Politico is highlighting a lengthy, as well as classically craven, Mitt Romney quote from a Weekly Standard interview, in which the former governor attempts to elevate deliberate ambiguity and unsubtle shiftiness to the high artifice of principled politics. To summarize in the interest of space, Romney says he'll cut government, but refuses to say how. Interviewer Stephen Hayes observes in scattered emotional eruptions:
It’s a smart answer and a deeply conservative one....
Romney, ever cautious, is reluctant to get specific about the programs he would like to kill....
In a conversation with him, you can feel him thinking about his words....
Why have conservative interviewers become so touchy-feely? Really, this is getting out of hand, and it's been doing so since 2008, when National Review's Rich Lowry gushed:
I’m sure I’m not the only male in America who, when Palin dropped her first wink, sat up a little straighter on the couch and said, 'Hey, I think she just winked at me.' And her smile. By the end, when she clearly knew she was doing well, it was so sparkling it was almost mesmerizing. It sent little starbursts through the screen and ricocheting around the living rooms of America. This is a quality that can’t be learned.
Then and there, I suspect, Rich was indeed feeling himself (while) thinking about her winks and words.
But, back to Mr. Hayes' feelings, as well as Mitt's words/winks -- the substantive quality of which we'd love to learn, but Mitt just won't permit it. It gets worse. Having refused to unveil the government programs he'd cut, Romney then turns and says to Hayes:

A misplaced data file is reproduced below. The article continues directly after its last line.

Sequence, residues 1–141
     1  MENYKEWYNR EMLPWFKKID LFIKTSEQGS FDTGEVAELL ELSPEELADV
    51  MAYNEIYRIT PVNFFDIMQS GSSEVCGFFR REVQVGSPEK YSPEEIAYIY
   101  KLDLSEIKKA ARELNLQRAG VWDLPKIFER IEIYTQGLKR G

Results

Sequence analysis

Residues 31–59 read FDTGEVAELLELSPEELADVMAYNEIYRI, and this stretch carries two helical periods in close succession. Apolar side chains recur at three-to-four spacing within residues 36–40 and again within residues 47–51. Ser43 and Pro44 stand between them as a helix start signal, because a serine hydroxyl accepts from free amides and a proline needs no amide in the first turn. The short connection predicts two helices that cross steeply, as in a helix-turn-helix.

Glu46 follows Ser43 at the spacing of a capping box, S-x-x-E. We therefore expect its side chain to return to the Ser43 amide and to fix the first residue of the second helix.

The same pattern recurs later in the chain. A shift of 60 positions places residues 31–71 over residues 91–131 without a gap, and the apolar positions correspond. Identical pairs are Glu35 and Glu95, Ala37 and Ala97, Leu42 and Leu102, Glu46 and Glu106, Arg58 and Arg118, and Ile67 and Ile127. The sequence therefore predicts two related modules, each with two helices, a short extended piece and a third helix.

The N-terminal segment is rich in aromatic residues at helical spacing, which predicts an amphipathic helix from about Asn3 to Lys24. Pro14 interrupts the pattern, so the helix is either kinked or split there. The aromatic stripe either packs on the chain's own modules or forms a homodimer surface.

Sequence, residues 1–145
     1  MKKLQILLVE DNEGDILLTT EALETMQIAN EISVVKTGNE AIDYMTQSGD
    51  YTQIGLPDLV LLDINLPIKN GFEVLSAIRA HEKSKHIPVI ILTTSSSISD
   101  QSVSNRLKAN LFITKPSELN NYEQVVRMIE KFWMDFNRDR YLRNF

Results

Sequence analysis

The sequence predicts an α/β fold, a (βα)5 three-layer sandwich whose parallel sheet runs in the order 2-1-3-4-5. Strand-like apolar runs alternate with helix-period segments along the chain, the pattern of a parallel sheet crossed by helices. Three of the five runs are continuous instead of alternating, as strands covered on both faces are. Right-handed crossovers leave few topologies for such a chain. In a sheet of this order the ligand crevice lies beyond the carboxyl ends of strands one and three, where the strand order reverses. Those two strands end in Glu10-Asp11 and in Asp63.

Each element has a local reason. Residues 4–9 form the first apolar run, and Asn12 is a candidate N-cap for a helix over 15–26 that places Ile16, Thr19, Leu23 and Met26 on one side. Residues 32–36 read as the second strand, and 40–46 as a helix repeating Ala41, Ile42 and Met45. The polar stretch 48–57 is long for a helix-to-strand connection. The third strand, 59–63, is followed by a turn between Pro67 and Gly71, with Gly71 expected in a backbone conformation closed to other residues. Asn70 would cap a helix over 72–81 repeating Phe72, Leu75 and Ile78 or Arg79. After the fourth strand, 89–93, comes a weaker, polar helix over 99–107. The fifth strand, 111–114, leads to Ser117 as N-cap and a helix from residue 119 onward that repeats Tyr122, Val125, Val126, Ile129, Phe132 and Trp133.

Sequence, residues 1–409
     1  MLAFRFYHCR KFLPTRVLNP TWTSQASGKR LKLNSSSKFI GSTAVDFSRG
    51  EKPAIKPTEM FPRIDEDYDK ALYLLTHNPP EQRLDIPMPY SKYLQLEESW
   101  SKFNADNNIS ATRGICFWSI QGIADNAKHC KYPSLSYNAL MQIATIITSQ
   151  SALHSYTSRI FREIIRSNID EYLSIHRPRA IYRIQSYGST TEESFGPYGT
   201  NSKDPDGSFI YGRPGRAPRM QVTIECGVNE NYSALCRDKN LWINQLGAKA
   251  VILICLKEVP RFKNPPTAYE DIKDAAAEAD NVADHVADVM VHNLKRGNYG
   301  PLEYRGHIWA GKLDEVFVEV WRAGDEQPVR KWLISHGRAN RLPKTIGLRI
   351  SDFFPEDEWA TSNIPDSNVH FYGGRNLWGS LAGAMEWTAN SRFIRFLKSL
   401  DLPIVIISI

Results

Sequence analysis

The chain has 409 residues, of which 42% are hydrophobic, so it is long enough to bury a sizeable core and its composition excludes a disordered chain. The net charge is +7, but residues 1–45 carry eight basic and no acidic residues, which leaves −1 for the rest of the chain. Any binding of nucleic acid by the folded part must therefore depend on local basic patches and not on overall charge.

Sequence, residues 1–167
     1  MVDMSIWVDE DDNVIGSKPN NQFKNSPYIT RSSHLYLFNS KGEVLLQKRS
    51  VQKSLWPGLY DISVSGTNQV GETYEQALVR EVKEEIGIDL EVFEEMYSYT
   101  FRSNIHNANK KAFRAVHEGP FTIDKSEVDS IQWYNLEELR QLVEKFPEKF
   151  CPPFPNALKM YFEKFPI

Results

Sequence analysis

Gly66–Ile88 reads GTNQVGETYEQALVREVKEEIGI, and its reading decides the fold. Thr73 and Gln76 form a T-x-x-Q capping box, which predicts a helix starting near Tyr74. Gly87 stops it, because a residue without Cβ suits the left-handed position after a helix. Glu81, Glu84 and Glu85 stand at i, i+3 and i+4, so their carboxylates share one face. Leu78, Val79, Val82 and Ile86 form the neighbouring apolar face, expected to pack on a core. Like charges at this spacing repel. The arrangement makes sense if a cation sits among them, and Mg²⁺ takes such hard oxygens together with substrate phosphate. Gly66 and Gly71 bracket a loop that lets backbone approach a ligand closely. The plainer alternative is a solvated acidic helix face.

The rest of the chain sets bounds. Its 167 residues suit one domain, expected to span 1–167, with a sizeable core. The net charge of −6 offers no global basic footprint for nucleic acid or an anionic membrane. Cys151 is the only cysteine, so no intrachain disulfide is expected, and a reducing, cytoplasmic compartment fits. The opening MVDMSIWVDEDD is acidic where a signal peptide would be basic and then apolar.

I describe what my positions are on issues and lay out my policy and people will either warm to it or not, depending upon how they connect with it.
But of course Romney does not "describe what [his] positions are." In fact he had pointedly told Hayes that he wouldn't describe them.
One must gather up pluck and soldier on to the Romney interview's very end, however, to really "feel him thinking" like the unctuous Zelig he is:
Romney’s critique of Obama is often focused on competence more than ideology. "He’s a nice guy, but he’s in over his head," Romney often says.
Why not say more about ideology? Romney says the two critiques are mutually reinforcing.
Obama, he says, has an "agenda which is contrary to the interests of the economy and the nation. And I think a lot of people who have that agenda are clueless."
Thus ends the interview on a note you probably noticed: on a final, "I'll put it however you want me to put it" Mitt Romney note -- a pol whose focus is often on "competence," but hey, Stephen, if you want "ideology," then by God Romney will give you that instead.
As Rich Lowry said with an epistemological certainty in which we must place our hope and trust: "This is a quality that can’t be learned."